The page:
Thousands are languishing in refugee camps in the countries surrounding Iraq and Syria, where they live in difficult conditions.

It was these circumstances that prompted Yuhana to join a project run out of Exeter University in the UK which seeks to preserve and document endangered cultures.

“This is a three year project and we are collecting the recordings of the Mandaean language – a form of Aramaic – books, documents and artefacts to try to preserve Manadean culture and traditions,” he said.

Yuhana, who is trained in Mandaean religion and language, went to Iraq and Iran recently and visited towns and villages where Mandaeans live as a field researcher although on a tourist visa.Yuhana pic1

“Mandaean culture and language is effectively banned in Iran – you are not allowed to name your children with Mandaean names – and few people there still speak the language; so that was why I went there to record them,” he said.

“I interviewed people and priests. We recorded the details of sacred objects and photographed manuscripts and talked to people about the issues they face.

“The biggest concern is that the Mandaeans are not acknowledged in the Iranian constitution as ‘Ahl Al Kitab’ or ‘People of the Book’, which has serious consequences for them,” Yuhana said.

The aim of the project is to create an online archive that will preserve the heritage and culture of the Mandaeans. The archive, which will be publicly accessible, will store recordings, manuscripts, transcripts of interviews and photographs.

“The aim of the project is to preserve the culture, mythology and folklore of the Mandaeans,” Yuhana said.

“The purpose is, most importantly, to prevent this endangered heritage being lost, but we also hope the public will be better informed about the Mandaeans.”

Mandaean baptism

Mandaean baptism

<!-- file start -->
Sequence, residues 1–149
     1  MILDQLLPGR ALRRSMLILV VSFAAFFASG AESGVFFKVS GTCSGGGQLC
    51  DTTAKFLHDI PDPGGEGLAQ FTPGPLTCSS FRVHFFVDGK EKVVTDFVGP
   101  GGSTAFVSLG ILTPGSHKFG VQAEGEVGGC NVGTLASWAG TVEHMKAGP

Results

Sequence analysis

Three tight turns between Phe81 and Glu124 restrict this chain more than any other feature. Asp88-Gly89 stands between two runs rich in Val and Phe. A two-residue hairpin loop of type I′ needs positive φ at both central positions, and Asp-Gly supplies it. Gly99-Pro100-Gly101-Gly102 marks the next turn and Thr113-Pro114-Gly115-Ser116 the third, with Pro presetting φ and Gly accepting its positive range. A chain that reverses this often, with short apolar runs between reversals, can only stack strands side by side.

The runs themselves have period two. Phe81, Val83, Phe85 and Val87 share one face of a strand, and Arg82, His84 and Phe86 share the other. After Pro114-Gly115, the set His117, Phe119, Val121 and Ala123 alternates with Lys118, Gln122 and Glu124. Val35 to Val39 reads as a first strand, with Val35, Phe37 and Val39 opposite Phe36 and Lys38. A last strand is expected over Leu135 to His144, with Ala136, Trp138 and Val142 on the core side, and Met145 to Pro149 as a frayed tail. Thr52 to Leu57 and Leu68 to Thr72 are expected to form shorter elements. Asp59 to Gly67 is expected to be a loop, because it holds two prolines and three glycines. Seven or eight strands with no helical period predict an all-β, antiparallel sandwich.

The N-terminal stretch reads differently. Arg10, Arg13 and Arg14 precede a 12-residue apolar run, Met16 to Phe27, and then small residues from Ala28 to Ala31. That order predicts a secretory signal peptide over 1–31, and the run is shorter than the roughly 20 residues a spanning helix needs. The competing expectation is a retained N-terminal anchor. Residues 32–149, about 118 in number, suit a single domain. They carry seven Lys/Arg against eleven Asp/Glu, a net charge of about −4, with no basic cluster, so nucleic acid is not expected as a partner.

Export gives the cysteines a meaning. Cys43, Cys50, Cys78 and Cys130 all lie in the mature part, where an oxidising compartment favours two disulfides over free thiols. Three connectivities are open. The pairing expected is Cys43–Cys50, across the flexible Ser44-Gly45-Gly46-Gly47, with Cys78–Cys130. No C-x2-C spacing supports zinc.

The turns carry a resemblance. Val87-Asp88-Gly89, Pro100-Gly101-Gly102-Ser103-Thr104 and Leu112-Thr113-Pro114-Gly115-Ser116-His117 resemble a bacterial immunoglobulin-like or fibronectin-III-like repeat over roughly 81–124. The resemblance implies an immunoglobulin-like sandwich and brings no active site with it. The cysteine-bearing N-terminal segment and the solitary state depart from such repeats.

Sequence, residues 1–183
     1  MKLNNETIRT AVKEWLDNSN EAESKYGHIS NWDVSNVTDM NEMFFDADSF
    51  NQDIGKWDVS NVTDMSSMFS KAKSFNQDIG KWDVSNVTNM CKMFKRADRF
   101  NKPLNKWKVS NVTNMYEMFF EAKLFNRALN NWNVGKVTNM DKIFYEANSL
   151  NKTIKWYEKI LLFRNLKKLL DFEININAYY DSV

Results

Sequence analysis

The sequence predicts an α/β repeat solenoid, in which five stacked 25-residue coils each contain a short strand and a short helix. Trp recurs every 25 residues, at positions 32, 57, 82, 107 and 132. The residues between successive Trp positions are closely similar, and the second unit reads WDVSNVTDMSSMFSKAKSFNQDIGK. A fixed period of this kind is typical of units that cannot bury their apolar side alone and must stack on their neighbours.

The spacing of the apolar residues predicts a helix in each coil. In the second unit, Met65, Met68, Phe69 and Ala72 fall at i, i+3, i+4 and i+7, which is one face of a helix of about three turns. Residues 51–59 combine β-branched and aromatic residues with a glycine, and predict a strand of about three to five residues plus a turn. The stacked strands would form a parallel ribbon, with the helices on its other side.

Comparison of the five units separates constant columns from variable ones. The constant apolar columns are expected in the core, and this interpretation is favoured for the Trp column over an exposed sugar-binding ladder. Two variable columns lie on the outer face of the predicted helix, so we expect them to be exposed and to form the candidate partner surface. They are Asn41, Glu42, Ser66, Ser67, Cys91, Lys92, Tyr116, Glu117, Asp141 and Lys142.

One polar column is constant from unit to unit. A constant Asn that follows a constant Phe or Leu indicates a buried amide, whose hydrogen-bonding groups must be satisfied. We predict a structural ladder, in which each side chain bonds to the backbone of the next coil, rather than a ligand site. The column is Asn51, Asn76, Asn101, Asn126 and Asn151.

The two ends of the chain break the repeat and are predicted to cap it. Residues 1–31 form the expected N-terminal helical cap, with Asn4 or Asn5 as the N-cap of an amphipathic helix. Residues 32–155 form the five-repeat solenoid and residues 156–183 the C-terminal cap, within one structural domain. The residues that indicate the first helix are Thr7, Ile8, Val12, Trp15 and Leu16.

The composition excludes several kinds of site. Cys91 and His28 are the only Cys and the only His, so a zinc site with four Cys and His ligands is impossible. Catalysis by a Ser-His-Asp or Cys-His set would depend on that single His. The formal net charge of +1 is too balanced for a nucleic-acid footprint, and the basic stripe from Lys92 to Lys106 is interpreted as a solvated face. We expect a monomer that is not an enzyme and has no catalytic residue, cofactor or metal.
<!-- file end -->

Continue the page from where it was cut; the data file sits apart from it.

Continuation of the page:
He said that Mandaean communities here in Australia and elsewhere around the world are also grappling with the problem of preserving their own unique culture.

“Mandaeans traditionally have been insular – even though you would once have found them in many towns and villages in Iraq.

“Many of the traditions are a little at odds with a western lifestyle and people usually didn’t marry outside the community.

“So discussions have begun in the community about how some of these things might change.

“The community is having a debate socially, religiously, culturally on how to redefine things. The priests are trying, and the educated people are trying, to revisit the texts and interpret things differently,” Yuhana said.

In his travels Yuhana came across what he believes is the last working Mandaean boat-builder on the Tigris River at Amarah, in southern Iraq.

“Once there were hundreds of Mandaeans building boats. It is sad they have almost all gone. But if we are going to preserve our culture and history we need to find new ways; we need to reinterpret who we are and apply our belief systems to the societies in which we now find ourselves,” he said.

“We as a people have been collectively traumatised by this chaos that has been  led by some powerful people in the world! – we feel that we caught in the middle of this for no reason other than destroying everything beautiful in Iraq!” Yuhana said.


Laurie Nowell
AMES Australia Senior Journalist